Cocoa Design Patterns

Cocoa Design Patterns

Language: English

Pages: 456

ISBN: 0321535022

Format: PDF / Kindle (mobi) / ePub

Cocoa Design Patterns

Language: English

Pages: 456

ISBN: 0321535022

Format: PDF / Kindle (mobi) / ePub


“Next time some kid shows up at my door asking for a code review, this is the book that I am going to throw at him.”

 

–Aaron Hillegass, founder of Big Nerd Ranch, Inc., and author of Cocoa Programming for Mac OS X

 

Unlocking the Secrets of Cocoa and Its Object-Oriented Frameworks

 

Mac and iPhone developers are often overwhelmed by the breadth and sophistication of the Cocoa frameworks. Although Cocoa is indeed huge, once you understand the object-oriented patterns it uses, you’ll find it remarkably elegant, consistent, and simple.

 

Cocoa Design Patterns begins with the mother of all patterns: the Model-View-Controller (MVC) pattern, which is central to all Mac and iPhone development. Encouraged, and in some cases enforced by Apple’s tools, it’s important to have a firm grasp of MVC right from the start.

 

The book’s midsection is a catalog of the essential design patterns you’ll encounter in Cocoa, including

  • Fundamental patterns, such as enumerators, accessors, and two-stage creation
  • Patterns that empower, such as singleton, delegates, and the responder chain
  • Patterns that hide complexity, including bundles, class clusters, proxies and forwarding, and controllers

And that’s not all of them! Cocoa Design Patterns painstakingly isolates 28 design patterns, accompanied with real-world examples and sample code you can apply to your applications today. The book wraps up with coverage of Core Data models, AppKit views, and a chapter on Bindings and Controllers.

 

Cocoa Design Patterns clearly defines the problems each pattern solves with a foundation in Objective-C and the Cocoa frameworks and can be used by any Mac or iPhone developer.

Objective-C Programmer's Reference

Perl Cookbook (2nd Edition)

Clean Code: A Handbook of Agile Software Craftsmanship

C++ in a Nutshell

Intermediate Perl (2nd Edition)

Practical Maintenance Plans in SQL Server

 

 

 

 

 

 

 

 

 

 

 

 

 

 

encapsulate persistent data and simplifies the creation of the Model layer for many applications. NSManagedObject uses the Associative Storage pattern in Chapter 19,“Associative Storage,” to provide access to data that’s stored in memory or in files on the disk or in relational databases. NSManagedObject exists to encapsulate the underlying storage mechanism so that developers don’t need to know details about the storage. The MYEmployee class is designed in the Core Data modeling tool included in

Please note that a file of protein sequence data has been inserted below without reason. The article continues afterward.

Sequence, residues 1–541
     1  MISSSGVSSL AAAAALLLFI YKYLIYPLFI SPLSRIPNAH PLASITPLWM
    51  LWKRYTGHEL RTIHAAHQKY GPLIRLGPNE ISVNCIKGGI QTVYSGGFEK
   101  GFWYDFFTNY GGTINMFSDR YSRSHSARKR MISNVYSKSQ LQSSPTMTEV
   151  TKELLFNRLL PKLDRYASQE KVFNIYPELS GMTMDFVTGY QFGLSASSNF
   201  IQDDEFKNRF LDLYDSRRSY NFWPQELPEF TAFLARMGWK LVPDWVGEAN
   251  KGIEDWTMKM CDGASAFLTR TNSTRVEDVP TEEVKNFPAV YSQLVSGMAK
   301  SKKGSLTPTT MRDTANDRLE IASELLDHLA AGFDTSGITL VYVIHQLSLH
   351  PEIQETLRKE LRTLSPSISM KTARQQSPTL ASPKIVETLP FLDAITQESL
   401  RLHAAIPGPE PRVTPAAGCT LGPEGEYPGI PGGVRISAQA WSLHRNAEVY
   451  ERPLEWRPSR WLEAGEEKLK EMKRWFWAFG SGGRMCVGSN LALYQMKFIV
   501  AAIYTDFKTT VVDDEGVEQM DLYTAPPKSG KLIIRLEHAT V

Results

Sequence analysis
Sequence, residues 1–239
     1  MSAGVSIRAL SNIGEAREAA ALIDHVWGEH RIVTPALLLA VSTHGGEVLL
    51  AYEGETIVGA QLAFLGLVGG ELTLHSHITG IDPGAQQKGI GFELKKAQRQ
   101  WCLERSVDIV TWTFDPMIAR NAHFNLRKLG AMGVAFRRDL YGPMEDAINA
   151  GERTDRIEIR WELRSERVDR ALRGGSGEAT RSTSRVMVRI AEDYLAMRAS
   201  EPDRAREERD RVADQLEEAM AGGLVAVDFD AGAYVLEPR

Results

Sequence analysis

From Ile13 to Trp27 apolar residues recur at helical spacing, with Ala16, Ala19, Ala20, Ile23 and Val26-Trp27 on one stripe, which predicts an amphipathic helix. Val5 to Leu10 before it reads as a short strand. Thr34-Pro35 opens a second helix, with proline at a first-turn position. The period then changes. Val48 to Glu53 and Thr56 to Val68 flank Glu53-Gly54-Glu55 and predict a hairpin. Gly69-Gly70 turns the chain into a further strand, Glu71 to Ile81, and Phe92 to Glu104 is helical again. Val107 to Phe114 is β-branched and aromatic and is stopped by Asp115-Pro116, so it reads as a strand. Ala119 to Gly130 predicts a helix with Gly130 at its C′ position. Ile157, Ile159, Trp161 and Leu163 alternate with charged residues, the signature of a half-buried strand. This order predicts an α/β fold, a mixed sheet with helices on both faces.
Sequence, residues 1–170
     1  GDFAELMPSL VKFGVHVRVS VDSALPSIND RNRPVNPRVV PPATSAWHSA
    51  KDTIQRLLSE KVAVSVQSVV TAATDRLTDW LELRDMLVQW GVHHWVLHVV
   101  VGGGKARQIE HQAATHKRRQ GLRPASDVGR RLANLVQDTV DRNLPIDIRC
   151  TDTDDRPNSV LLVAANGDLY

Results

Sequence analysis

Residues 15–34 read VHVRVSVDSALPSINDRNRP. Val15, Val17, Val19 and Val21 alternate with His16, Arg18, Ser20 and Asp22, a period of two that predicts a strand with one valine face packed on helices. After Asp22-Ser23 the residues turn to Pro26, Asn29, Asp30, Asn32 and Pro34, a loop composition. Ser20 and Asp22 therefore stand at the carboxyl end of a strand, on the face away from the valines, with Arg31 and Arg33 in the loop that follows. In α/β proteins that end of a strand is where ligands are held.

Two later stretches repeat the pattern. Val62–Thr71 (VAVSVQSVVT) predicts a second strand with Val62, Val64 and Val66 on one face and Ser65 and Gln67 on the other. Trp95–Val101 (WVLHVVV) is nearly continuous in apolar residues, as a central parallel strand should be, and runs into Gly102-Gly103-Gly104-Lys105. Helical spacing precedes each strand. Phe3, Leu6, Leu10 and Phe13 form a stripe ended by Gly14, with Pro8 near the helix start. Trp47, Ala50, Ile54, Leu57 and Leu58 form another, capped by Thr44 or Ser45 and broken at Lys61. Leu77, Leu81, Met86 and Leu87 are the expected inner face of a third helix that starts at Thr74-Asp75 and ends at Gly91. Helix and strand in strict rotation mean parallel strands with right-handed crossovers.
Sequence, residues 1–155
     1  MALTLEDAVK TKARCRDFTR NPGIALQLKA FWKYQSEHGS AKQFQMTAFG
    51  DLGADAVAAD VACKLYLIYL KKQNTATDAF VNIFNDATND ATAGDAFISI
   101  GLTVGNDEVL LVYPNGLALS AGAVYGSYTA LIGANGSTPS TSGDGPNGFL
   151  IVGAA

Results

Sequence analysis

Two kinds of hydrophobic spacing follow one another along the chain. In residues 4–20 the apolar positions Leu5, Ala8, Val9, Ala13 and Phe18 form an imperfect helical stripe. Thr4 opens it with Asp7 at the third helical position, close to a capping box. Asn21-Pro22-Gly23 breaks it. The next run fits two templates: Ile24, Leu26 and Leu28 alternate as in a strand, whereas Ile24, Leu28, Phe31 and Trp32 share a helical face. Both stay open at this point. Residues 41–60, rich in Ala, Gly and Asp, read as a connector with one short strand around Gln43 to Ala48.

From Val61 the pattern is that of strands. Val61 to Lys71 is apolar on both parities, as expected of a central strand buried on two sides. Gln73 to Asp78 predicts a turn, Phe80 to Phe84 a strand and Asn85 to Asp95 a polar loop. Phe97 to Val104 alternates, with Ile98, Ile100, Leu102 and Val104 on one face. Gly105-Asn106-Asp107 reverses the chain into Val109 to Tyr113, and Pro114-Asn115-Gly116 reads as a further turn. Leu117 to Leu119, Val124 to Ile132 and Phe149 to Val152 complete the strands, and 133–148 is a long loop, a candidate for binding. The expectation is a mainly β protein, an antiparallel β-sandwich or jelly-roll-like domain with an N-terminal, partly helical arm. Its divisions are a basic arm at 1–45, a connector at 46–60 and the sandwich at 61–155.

the implementations of - (id)initImageCell:(NSImage *)anImage and -initTextCell:. #import @interface MYLabeledBarCell : NSCell { float barValue; // values in range 0.0 to 1.0 } // Overriden Designated Initializers - (id)initImageCell:(NSImage *)anImage; - (id)initTextCell:(NSString *)aString; // Overriden configuration - (BOOL)isOpaque; // Accessors - (void)setLabel:(NSString *)aLabel; - (NSString *)label; both 39 40 Chapter 3 Two-Stage Creation -

count:(NSUInteger)len { return [myCollection countByEnumeratingWithState:state objects:stackbuf count:len]; } If a custom class has an actual C array of objects already, and is immutable, the implementation is straightforward.Assume that the C array is called myCArrayOfObjects and that there is an unsigned long integer property named myObjectsCount that holds the number of objects in the C array.This yields one of the simplest implementations possible and sends everything in a single batch: -

implementation of late binding of messages than the simple –performSelector: method. NSInvocation can store messages that have nonobject return types or require complex arguments. NSInvocation stores the selector of the message to send along with the receiver of the message and all arguments. Cocoa’s Targets and Actions Pattern in Chapter 17,“Outlets,Targets, and Actions,” shows how powerful and flexible late binding with selector can be.An Action is really just a variable selector, and the

returned.The returned object has a retain count of one and must eventually be released or autoreleased.The Copying pattern is explained in Chapter 12 and the -mutableCopy method is documented in the Foundation framework and at /Developer/Documentation/Cocoa/Reference/Foundation/ObjC_classic/Protocols/ NSMutableCopying.html. NSKeyValueCoding Cocoa’s NSKeyValueCoding informal protocol is defined as part of the Foundation framework and documented at

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